With the Supreme Court’s Aereo decision finally out, the digital industry is struggling with its impact, if any, on various products and services, particularly with regard to cloud computing. However, the Supreme Court narrowly tailored the Aereo decision to services that closely resemble cable TV. Thus, suggestions that “the sky is falling” for cloud computing or other services that might re-transmit copyrighted content may be premature.
In American Broadcasting Cos., Inc. v. Aereo, Inc., 573 U. S. __ (2014), the Supreme Court held that Aereo infringed broadcasters’ copyrights by providing customers access to public TV programming over the Internet via individualized antennas owned and operated by Aereo. Aereo’s business is built around two products: mini-antennas assigned to each customer and stored at Aereo’s warehouses, and a digital video recorder with a large storage capacity on Aereo’s servers, which acts as a private cloud service. At a user’s request, Aereo captures the signal from a specific over-the-air television broadcast, saves the data into a user specific folder on Aereo’s server, and then streams it to a user’s computer, mobile phone or other device with only a few seconds of delay. If the user wishes to watch the recorded program at a later time, Aereo stores the recording on its server and streams it to the customer at a requested time.
The essence of the legal issue in Aereo was whether Aereo’s capturing and streaming of local TV programs to its users constituted a “public performance” which, without authorization, would violate the broadcasters’ copyrights. The Copyright Act of 1976 clarified that “transmission” of a copyrighted work to the public “by means of any device or process” constitutes public performance of that work and further requires cable companies to pay broadcasters for the transmission of their programing to subscribers. Despite differences in the respective technologies, the Supreme Court held that Aereo’s streaming services were very similar to the transmission services of cable companies and therefore, too, constituted “public performance.” Because Aereo did not obtain licenses from the broadcasters, its streaming service was held to infringe. (For a more detailed overview of the Supreme Court’s decision in Aereo, see here.)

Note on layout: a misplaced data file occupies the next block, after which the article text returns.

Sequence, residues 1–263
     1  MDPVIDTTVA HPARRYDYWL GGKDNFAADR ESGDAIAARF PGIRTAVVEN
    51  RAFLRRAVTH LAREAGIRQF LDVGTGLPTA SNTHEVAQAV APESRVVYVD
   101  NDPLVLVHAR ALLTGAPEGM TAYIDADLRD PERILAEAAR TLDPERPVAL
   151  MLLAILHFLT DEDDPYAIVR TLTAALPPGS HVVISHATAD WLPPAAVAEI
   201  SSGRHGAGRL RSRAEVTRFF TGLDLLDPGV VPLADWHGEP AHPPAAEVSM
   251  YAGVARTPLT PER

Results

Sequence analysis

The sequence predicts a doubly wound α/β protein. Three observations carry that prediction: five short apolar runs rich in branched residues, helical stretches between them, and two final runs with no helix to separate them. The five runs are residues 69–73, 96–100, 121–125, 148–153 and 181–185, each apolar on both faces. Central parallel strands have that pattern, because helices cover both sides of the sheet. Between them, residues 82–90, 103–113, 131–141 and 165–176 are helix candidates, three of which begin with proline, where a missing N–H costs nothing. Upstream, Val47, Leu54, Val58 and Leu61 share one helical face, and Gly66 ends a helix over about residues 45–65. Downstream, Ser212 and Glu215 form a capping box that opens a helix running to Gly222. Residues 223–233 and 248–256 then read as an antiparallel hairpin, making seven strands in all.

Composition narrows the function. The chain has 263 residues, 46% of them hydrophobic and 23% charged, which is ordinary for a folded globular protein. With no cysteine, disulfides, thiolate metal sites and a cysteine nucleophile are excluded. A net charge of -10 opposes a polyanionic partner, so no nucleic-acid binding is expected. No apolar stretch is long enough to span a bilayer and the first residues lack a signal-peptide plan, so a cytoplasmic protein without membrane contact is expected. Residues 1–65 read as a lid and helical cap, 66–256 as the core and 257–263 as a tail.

The Aereo decision is a serious blow to Aereo and other providers who transmit, in real or near-real time, over-the-air television broadcasts to their customers without paying broadcasters. Mindful of the potential implications of its decision for the digital industry, the Supreme Court tried to limit its ruling to technologies that closely resemble cable television transmission and expressly excluded Aereo’s other services, i.e., the remote digital video recorder and storage functionality, from the reach of its ruling. Yet, the Court left many questions unanswered, such as what it means to perform digital content, when such performance is public, or how the “fair use” doctrine might affect the analysis.
Because of the decision’s narrow focus, digital content delivery services such as cloud based storage and digital video recorder (DVR) technologies should not be directly affected. For example, the Court expressly carved out from the scope of the Aereo decision services “where the user … pays primarily for something other than the transmission of copyrighted works, such as the remote storage of a content.” As long as the stored content is owned or has been legally acquired by the user, storing it remotely and playing it back should not raise copyright concerns under Aereo.
Similarly, remote digital video recording services seem not to be directly implicated by Aereo. Since the 2008 ruling by the Second Circuit in Cartoon Network LP v. CSC Holdings, 536 F.3d 121 (2nd Cir. 2008), cloud recording and storage services have been deemed compliant with copyright law. At issue in that case was Cablevision’s service that allowed customers to record TV programming for later viewing using Cablevision’s remote storage digital video recording devices. The Second Circuit held that Cablevision did not violate the broadcasters’ copyrights. Despite the similarities of Cablevision’s services to those of Aereo, the Supreme Court did not overrule the Second Circuit’s ruling in Cablevision and instead expressly exempted from the reach of its decision “[q]uestions involving cloud computing, [remote storage] DVRs and other novel technologies not before the Court.”
While time and future litigations will show the whole impact of the Aereo ruling, for now the major players in the cloud computing industry should be able to breathe a sigh of relief.
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